IT HAS become depressingly commonplace to speculate upon sport in terms of betting contingencies. And no longer is this expressed in figures for and against, implying an element of contest. It is stated as a sum of money, which would reduce all the nuance and charm and drama in one of mankind's most gloriously illogical pursuits to a commercial transaction. Damon Runyon's world-weary observation that ''all of life is six to five against'' would now be rendered as ''existence, $2.20.''
In that banal spirit, the year in sport could be summed up as a market. The chances of London staging a wildly successful Olympic Games, as it did, would have been put at, say, $10. Michael Phelps and Usain Bolt would have been at $1.20 to dominate, but Mo Farah would have been $15. Sally Pearson would have been $1.05 for a gold medal, Anna Meares only a little longer and the men's 4x100 swim relay team even shorter, and a costly bet at that.
You could have had long odds on Australia staying in the top five on the medals table, but barely $1 on demands for even more public funding henceforth. In the modern Olympics, money does buy happiness, but Australia must decide if it is prepared to take out a mortgage to keep what regards as a birthright.
Elsetimes in the UK, Black Caviar was the definitive racing certainty at Royal Ascot, before squeaking home. Concerning the football codes, there would have been an attractive price on the possibility of Sydney winning Melbourne's premiership and Melbourne winning Sydney's; it happened. You surely would have been quoted a triple-figure sum that Test captain Michael Clarke would outdo Bradman with four 200-plus scores in 2012.
You could have had $20 or more on the A-League recruiting big fish who performed like big fish, but Alessandro Del Piero and Emile Heskey have. Yet if you had wagered your house on Adam Scott winning the British Open when he was four shots in front with four holes to play, you would now be homeless.
In oldspeak, London to a brick there would be shenanigans at the races, but write your own ticket that a jockey would be caught and sanctioned, as Damien Oliver was. There would have been a juicy price about any AFL club ignoring the examples made of Carlton and Essendon and trying to cheat the draft and salary cap; come on down, Addle-aide. And no bookmaker on earth would have quoted a price on Lance Armstrong yielding in his long and faux indignant fight against allegations of drug-taking. He finished the year without a Tour de France title to his name, indeed without a name at all. It was the biggest and saddest sports story of the year. But you could have been certain that sports authorities faced with egregious wrongdoings would react tardily (racing), apply featherlight sanctions (AFL), or resist taking their head out of dunes of sand (cycling).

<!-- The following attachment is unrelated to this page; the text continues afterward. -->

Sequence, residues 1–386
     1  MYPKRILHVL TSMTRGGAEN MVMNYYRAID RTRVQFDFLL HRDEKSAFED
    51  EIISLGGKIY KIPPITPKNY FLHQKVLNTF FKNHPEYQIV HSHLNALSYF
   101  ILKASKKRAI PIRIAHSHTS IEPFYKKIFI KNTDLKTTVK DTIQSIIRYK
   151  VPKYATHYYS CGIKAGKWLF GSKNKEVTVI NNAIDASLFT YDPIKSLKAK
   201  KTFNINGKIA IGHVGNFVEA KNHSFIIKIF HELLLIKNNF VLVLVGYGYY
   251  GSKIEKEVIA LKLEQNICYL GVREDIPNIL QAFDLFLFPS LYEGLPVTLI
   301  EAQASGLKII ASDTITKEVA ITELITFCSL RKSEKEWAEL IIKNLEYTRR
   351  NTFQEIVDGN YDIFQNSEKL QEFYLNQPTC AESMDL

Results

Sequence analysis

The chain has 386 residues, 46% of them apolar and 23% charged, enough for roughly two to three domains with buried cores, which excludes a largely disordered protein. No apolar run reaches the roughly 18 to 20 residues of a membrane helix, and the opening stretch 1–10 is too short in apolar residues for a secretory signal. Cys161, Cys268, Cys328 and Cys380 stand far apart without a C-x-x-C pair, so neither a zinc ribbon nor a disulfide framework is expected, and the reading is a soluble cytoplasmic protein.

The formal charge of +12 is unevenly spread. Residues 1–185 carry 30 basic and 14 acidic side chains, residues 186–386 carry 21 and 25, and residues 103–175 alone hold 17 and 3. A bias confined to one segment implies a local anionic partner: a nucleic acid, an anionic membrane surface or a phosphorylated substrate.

These speculations might appear frivolous, but they drive a point. The biggest issue for the sports industry is integrity. Typically, this is differentiated as match-fixing (including tanking) and the use of performance-enhancing drugs. If you like, it is either cheating to win, or cheating to lose … to win. Sports bodies all over the world are alert to this, and so are governments, including Australia's, which is moving to criminalise all forms of corruption in sport.
Yet in Australia, a basic connection is wilfully overlooked. Bookmakers and betting agencies swamp the sporting landscape with one message: get on. This colonisation is conditioning the way fans think about sport, normalising an idea of sport as means to a moneymaking end, warping the understandings of the young, and creating fertile ground for corruption. The argument that re-regulation would drive the unscrupulous underground is old and discredited. The Trojans at least had to build their own horse; now, it comes supplied.
If this seems alarmist, remember that after a spate of wickets fell to no-balls in the first Australia-South Africa Test this summer, odds were offered on similar occurrences in the second Test. Yes, an Australian bookmaker offered to take bets about no-balls. Only at Cricket Australia's insistence was the market taken down. When it comes to safeguarding integrity, even some people allied with sports bodies don't get it.
And if you wanted to bet that at this highly scrutinised and audited time, a time of great sensitivity to the importance of integrity, no sportsperson or body would dare try to cheat, we would give you Armstrong, and Oliver, and Adelaide Football Club. But we wouldn't take your money.